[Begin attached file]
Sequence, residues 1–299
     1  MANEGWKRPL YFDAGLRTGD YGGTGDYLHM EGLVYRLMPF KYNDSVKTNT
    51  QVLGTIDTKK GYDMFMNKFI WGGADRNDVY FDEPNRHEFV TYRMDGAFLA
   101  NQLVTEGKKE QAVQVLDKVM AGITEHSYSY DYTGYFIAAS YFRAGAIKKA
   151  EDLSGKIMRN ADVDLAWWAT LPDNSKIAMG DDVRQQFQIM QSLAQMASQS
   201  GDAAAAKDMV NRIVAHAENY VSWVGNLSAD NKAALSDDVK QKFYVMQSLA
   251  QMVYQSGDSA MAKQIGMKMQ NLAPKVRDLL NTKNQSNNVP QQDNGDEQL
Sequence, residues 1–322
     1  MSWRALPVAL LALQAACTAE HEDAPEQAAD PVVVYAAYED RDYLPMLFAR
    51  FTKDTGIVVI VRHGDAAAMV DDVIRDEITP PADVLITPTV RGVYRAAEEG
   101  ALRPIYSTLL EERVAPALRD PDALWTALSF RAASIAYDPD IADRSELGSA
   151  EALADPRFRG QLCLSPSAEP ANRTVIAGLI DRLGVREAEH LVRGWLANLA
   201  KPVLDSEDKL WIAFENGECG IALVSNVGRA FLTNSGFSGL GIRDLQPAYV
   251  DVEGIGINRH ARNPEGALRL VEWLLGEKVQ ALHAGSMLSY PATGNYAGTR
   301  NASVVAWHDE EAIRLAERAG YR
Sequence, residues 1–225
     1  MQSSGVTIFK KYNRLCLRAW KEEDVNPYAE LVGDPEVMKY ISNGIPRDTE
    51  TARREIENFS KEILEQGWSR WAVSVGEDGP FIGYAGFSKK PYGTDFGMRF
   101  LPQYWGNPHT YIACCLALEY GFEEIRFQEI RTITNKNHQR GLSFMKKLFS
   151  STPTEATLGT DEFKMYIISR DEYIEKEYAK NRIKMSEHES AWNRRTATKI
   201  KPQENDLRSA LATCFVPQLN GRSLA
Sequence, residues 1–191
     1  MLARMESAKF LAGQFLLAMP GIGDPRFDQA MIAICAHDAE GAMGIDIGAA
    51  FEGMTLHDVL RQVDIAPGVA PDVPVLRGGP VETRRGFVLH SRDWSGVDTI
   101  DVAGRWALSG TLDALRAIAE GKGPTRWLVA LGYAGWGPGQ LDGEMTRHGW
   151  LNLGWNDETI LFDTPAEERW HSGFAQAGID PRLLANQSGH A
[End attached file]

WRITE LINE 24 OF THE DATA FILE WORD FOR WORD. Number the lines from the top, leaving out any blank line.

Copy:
    51  FEGMTLHDVL RQVDIAPGVA PDVPVLRGGP VETRRGFVLH SRDWSGVDTI